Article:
Urban Taco Domination

Also: Go Fish founder and chef have re-bonded

Marcus Pineyro, the 20-something SMU grad who slicked up Mexico City street food with his Urban Taco taco lounge in Mockingbird Station last year, is expanding. First stop: DFW International Airport where he'll ply his street fare in Terminal C near gate 22 come April. Then Pineyro will level a low-rise office building at McKinney and Lemmon near Hook Line & Sinker to make way for a taqueria cum rooftop lounge/patio in August. Uptown Urban Taco will be fast-casual by day, full service nights and weekends. "It will be a contemporary approach to traditional Mexican food," Pineyro says. Is this guy the salsa-fied Tristan Simon?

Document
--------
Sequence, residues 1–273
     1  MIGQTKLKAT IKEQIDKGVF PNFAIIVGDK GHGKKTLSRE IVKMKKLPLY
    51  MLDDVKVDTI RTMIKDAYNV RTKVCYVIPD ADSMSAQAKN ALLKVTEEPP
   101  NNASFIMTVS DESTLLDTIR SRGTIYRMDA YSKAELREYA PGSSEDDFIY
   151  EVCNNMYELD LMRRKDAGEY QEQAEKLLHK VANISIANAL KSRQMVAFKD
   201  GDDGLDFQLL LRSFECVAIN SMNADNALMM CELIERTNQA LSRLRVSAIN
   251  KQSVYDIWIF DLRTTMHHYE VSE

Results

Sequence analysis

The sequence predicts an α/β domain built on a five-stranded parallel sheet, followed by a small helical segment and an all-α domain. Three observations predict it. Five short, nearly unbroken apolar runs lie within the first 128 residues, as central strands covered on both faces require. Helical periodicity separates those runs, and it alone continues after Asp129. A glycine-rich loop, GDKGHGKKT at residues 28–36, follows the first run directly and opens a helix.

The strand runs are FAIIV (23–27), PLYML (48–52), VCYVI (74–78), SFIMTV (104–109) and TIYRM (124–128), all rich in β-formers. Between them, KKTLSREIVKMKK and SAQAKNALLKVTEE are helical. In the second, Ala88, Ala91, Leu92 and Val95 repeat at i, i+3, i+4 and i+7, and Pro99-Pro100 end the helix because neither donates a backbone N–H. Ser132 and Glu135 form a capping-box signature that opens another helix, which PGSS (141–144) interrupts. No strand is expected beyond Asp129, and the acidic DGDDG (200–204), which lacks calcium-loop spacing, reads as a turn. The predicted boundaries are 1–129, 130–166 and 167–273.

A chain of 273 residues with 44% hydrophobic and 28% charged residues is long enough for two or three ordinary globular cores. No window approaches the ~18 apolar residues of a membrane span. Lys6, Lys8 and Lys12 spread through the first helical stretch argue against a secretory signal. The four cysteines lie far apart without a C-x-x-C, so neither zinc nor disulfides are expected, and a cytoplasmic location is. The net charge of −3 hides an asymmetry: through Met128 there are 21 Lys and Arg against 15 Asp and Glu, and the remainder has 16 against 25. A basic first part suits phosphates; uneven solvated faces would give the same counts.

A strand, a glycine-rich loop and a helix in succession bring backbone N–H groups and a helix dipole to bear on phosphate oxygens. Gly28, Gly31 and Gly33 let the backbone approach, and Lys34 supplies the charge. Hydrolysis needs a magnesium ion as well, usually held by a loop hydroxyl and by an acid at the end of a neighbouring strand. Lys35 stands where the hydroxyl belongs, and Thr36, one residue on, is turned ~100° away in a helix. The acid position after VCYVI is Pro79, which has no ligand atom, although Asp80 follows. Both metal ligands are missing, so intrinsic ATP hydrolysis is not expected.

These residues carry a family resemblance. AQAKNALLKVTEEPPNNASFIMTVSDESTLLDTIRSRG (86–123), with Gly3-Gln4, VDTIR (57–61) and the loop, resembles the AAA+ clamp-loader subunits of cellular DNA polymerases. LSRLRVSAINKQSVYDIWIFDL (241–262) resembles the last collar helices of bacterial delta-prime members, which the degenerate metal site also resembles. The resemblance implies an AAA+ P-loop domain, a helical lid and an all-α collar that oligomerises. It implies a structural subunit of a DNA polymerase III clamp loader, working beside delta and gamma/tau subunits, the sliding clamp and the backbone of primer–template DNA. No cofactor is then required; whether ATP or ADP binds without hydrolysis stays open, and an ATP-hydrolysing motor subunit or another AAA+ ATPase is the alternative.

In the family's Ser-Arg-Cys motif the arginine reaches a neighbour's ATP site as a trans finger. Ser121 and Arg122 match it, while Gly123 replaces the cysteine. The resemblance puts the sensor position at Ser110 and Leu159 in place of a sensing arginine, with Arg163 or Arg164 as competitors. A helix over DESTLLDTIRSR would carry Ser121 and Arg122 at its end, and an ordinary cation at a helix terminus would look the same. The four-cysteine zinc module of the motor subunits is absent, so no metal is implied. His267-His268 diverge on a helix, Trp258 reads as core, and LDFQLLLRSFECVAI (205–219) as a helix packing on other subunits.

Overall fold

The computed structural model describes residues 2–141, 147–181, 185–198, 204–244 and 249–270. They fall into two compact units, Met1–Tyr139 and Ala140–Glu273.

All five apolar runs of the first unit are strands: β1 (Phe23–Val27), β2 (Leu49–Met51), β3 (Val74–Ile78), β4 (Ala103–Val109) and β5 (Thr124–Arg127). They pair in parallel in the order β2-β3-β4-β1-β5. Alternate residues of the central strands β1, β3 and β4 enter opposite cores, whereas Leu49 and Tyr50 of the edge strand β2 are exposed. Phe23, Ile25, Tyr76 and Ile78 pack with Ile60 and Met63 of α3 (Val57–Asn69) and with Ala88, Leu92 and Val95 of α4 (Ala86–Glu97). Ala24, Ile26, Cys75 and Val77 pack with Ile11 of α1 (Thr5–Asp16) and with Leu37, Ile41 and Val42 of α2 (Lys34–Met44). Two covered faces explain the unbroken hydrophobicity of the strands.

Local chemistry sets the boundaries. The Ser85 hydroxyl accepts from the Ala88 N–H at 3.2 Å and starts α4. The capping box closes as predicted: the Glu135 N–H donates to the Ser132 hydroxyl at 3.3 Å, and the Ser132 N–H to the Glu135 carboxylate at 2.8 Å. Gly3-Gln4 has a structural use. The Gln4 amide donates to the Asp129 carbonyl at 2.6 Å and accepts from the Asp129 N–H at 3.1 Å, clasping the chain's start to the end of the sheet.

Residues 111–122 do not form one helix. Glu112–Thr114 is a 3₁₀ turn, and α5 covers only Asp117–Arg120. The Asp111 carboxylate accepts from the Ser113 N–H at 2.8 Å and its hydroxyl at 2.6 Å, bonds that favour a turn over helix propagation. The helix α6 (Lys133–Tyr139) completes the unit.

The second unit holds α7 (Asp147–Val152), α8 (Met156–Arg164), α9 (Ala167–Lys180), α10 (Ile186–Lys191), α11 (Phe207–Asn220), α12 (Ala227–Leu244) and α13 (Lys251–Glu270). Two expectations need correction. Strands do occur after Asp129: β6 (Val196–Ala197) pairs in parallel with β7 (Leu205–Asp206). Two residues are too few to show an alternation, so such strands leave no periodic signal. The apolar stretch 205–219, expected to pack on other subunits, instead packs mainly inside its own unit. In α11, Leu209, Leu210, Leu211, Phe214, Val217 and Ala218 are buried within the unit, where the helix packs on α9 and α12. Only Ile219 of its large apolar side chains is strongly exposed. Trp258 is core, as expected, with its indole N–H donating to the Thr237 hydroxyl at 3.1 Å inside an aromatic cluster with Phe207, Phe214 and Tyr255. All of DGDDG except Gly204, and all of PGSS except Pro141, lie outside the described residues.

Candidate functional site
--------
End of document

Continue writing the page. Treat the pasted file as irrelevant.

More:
Make up and kissing fish: After a not altogether amicable Go Fish split in early 2006, Go Fish founder Mike Hoque and former Fish/36 Degrees/Sage chef Chris Svalesen have re-bonded. "I know how to work with Chris now," admits Hoque, who founded American Limos & Transportation (now called ALT Worldwide) some eight years ago. "My problem is that I didn't know anything about restaurants [back then]." He should now. Hoque opened Dallas Fish Market downtown and the fast-casual Fish Express at Forest near Preston before that. And he'll need Svalesen to help him relocate Go Fish from Addison to Village on the Green near BLT Steak, adding 1,000 square feet and a full sushi bar when it opens in July. He's hired frontman Michel Boutemy de Guislain (Popolos, Riviera, Paris Vendome) to prime it. "This is going to be my signature place," he says. Hoque is mulling ambitious plans for Fish Express with additional units loaded for Frisco, Southlake, Las Colinas, Fort Worth, Plano and Uptown. He's also sniffing out locations in Chicago, New York and San Francisco and is in preliminary talks with an unnamed national restaurant company to blow out more than 40 units nationally...Restaurant publicist Jeffrey Yarbrough (Big Ink), who cut his restaurant teeth with the defunct Liberty Noodles, signed on with real estate developer Hillwood to bring local chefs and restaurateurs to Victory Park, which got drunk and hung-over on out-of-town glitterati soon after opening. Yarbrough says he has five solid deals on the table after shuffling through some 50 possibilities. He hopes to add eight local projects in all.

 
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